SU‐FF‐T‐17: 3D Monte Carlo‐Based Treatment Planning Evaluation of Intracavitary HDR Balloon Catheter Brachytherapy

F. Lerma, Y. le, J. Kelley, D. Arthur, J. Williamson

Research output: Contribution to journalArticle

Abstract

Purpose: To evaluate the dosimetric effects of missing tissue and tissue heterogeneities on intracavitary HDR balloon‐catheter brachytherapy using a novel 3D Monte Carlo‐based treatment planning study. Method and Materials: The PTRAN Monte Carlo (MC) photon transport code is used to generate 3D calculations of the doses arising from an HDR 192Ir source in; Anatomy‐based MC simulations modeling the dosimetric effects of missing tissue beyond the skin surface and tissue heterogeneities (such as air pockets) adjacent to the balloon catheter (Mammosite); and in a large water phantom representing those calculations achievable with a conventional 3D brachytherapy RTPS. Each MC simulation employs a track length estimator scoring method in a 3D grid, with 2mm resolution in a 12cm×11cm×8cm volume, scoring 8×106 primary photon histories. The dose matrices from all MC simulation are registered (in the external beam module of a commercial RTPS) to a single, modeled patient CT, which is identical in location, scale, and shape to the patient volume described in the anatomy‐based MC simulations. Several target volumes (e.g. a 1cm margin on the Mammosite balloon) and a skin‐surface contour, are created. Dose‐volume histograms (DVH's) are computed for each volume, per each plan. Comparisons of the resultant DVH's quantify the dosimetric errors expected from routine clinical planning of Mammosite applications. Results: The missing tissue beyond the skin surface reduces target coverage by 1.5–3.5% and skin doses by 8–20%, when compared to calculations achievable with conventional 3D brachytherapy treatment planning systems. A 10cc airpocket neighboring the Mammosite balloon reduces doses to adjacent tissues <0.5%. Conclusion: A detailed 3D Monte Carlo‐based brachytherapy RTP study of the dose prediction errors in balloon catheter HDR applications shows that the missing tissue beyond the skin surface reduces skin doses by as much as 20% and target coverage by as much as 3.5%.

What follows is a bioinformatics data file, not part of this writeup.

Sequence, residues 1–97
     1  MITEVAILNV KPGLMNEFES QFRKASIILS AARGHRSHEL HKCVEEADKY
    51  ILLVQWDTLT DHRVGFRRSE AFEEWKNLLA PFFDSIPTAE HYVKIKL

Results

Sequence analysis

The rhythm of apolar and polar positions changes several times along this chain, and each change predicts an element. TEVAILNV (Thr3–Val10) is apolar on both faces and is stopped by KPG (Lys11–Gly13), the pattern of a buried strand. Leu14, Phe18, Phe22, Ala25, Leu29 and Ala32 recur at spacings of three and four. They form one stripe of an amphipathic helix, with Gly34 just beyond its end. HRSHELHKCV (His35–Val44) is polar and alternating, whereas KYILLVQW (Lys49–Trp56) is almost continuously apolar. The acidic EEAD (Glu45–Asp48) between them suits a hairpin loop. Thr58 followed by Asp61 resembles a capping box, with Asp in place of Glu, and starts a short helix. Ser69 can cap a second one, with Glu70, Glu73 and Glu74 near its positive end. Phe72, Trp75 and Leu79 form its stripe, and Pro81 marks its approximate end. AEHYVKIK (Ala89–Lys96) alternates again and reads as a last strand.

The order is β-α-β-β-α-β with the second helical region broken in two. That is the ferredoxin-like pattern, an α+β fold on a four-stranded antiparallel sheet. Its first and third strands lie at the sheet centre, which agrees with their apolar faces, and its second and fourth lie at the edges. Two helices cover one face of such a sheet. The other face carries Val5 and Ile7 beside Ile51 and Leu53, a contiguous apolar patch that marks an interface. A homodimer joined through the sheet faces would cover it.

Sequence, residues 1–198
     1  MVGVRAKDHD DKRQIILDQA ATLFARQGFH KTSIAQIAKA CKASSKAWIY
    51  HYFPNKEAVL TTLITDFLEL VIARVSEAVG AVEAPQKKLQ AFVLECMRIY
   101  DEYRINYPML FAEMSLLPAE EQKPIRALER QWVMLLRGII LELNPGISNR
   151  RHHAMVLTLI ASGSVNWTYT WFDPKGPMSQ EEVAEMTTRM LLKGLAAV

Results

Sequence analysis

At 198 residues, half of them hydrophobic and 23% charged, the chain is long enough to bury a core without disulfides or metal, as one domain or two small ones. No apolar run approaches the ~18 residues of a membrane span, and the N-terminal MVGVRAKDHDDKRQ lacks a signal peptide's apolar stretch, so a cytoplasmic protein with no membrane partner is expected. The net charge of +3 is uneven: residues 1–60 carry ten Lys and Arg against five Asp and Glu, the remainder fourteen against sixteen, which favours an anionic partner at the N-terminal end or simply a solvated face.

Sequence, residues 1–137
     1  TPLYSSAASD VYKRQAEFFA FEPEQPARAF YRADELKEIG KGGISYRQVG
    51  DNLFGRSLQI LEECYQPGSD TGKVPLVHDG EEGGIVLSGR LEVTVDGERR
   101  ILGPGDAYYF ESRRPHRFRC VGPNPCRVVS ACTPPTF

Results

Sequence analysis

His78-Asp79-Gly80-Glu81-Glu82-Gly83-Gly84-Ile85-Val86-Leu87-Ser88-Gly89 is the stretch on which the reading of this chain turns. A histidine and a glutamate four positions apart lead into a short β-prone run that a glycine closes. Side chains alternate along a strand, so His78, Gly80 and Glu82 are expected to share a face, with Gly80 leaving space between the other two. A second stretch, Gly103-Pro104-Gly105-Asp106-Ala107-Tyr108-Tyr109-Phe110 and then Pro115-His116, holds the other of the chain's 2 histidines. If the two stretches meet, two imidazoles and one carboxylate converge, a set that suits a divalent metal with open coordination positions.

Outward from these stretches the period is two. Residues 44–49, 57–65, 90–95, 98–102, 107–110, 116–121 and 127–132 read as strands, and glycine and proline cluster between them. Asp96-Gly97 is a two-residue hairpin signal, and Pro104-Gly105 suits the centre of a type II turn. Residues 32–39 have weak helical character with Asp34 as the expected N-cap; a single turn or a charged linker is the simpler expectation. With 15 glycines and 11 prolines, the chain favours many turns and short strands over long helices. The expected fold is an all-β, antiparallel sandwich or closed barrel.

Original languageEnglish
Number of pages1
JournalMedical physics
Volume32
Issue number6
DOIs
StatePublished - Jun 2005
Externally publishedYes

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